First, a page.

Rowan County Animal Control patrolling Fulton Heights for aggressive dogs
Published 12:00 am Friday, January 8, 2016
By Amanda Raymond
Rowan County Animal Control is doing everything it can to catch the aggressive dogs that are running loose in Fulton Heights, an Animal Control officer said.
Since October, the Fulton Heights neighborhood in Salisbury has been struggling to locate two dark-colored pit bulls that have been roaming free. The dogs have killed the cats of at least five families.
Animal Control has been patrolling the area, now on a daily basis, but has still not been able to locate the dogs.
“We’ve been trying set traps, but so far nobody’s willing to let us set dog traps to try to catch them,” Animal Control Officer Tommy Staton, who is also field supervisor, said.
Staton said the traps are live-capture traps. Food is placed inside of the trap and once the animal goes in to eat the food, the trap’s door shuts behind them. Animal Control set up one trap, but the resident later asked the officers to remove the trap because it kept trapping their cat, Staton said.
Dotty Hoy, president of the Fulton Heights Neighborhood Association, said animal control, code enforcement, the Salisbury Police Department and other officials have been working hard to help solve the problem.
“I think I saw Animal Control go past my house three times this morning already,” she said.
Since there is a leash law in Rowan County that cats are also subject to, Staton said if cats are kept in a secure enclosure, they should be safe.
According to section five of the current leash law, non-vicious animals must be restrained whether on or off the owner’s property by a leash, harness or other restraining device, or be enclosed within a cage, fence, indoors or another secure enclosure. The law also defines sufficient restraint as “immediate supervision of an animal by a competent person which both are in the limits of the real property of the animal’s owners or keeper.”
A failure to restrain non-vicious animals could result in a $25 penalty.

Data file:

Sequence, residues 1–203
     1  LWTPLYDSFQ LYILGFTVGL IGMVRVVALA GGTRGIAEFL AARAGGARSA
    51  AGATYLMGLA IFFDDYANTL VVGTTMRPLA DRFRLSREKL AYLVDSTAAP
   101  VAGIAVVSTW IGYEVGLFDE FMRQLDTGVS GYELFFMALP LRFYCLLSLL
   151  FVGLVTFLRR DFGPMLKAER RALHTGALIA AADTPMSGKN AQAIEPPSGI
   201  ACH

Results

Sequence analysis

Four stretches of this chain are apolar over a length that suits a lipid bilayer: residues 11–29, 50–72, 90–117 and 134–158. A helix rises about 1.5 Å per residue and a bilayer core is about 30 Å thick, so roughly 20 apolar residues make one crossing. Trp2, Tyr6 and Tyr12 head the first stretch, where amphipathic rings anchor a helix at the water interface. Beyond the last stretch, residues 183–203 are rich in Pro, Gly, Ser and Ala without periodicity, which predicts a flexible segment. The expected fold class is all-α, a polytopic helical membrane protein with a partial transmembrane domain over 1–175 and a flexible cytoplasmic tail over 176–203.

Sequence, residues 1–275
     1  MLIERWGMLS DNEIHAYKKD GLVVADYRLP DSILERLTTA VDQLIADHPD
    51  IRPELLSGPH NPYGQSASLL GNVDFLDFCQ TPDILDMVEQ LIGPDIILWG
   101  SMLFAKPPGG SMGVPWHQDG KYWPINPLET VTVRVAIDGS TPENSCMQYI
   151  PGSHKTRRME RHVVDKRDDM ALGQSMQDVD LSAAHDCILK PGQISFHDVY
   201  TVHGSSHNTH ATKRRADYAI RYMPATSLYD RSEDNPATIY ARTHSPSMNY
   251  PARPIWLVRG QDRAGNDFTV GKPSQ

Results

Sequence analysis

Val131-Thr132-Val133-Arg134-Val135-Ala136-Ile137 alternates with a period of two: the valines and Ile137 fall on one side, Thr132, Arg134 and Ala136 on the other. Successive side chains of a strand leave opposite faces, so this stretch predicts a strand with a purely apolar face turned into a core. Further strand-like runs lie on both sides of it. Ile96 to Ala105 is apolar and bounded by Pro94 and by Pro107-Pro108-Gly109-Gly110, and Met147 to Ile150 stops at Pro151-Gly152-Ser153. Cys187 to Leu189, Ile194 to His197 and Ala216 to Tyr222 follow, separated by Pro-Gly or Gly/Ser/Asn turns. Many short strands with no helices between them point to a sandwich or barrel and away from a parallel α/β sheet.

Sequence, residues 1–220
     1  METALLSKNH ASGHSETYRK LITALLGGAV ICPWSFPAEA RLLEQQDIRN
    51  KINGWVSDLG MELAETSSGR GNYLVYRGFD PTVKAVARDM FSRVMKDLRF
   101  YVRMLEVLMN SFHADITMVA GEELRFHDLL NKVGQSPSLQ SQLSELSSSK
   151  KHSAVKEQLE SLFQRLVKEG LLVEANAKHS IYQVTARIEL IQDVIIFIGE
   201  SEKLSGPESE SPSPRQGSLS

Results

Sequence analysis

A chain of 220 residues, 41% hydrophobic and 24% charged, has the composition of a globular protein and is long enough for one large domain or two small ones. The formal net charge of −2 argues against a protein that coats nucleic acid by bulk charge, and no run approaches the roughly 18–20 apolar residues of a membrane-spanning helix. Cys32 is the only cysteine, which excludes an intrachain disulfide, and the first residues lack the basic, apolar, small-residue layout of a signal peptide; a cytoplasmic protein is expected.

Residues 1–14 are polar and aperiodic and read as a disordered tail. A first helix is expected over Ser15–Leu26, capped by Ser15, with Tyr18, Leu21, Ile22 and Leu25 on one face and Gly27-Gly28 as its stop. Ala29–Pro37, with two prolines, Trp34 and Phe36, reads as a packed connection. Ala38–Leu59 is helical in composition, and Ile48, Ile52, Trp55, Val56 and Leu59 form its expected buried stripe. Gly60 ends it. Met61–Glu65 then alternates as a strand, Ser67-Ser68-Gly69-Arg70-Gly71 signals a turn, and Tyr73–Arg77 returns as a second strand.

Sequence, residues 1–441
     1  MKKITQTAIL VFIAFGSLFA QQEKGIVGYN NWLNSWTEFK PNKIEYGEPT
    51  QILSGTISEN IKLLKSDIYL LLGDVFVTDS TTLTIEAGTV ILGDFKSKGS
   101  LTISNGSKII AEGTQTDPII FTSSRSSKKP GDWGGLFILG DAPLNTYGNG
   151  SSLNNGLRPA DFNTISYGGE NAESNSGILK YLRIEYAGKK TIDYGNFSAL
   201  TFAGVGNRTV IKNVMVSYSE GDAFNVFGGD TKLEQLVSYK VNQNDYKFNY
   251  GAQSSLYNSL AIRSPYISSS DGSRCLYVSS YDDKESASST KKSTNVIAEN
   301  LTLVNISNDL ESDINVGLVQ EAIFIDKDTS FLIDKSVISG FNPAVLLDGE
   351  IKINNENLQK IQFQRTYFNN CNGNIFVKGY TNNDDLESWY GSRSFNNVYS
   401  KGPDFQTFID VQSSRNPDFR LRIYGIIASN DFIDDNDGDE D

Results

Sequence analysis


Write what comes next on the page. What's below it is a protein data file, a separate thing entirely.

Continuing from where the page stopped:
Barry Brown, who is not a Fulton Heights resident, said cat owners should take the leash law seriously.
“I feel bad that they’ve lost their animals, but I don’t feel bad (because) they let them run around free,” he said.
Jessica Buckwalter, a resident of Fulton Heights, lost her cat to the dogs. She said the dogs tried to get her cat one night but she was able to shoo them away. But the dogs came back and dragged the cat off of Buckwalter’s front porch, leaving him dead in the front yard.
Buckwalter said with all of the hype around the issue, she is afraid people might go after the wrong dogs.
“People are freaking out. They’re just like, any pit bull or any black dog or any dark dog they’re just automatically like, ‘That’s him,’” she said.
Hoy said she has not heard of any instances of the loose dogs going after other dogs or people.
According to research done by 1800PetMeds, although pit bull attacks have resulted in more deaths than attacks by other breeds of dogs, the likelihood of being killed by a pit bull is lower than many other breeds.
Staton said so far, no Animal Control officers have seen the dogs. Anyone who does see the dogs is encouraged to call 911, and Staton said if the dogs are friendly enough, residents could also find some way to restrain the dogs until Animal Control is able to get out to the area.
Staton also urges neighbors to let Animal Control set up traps in their yards.
The Fulton Heights Neighborhood Association will have its annual meeting on Jan. 12, during which a representative from Animal Control will speak.
Contact reporter Amanda Raymond at 704-797-4222.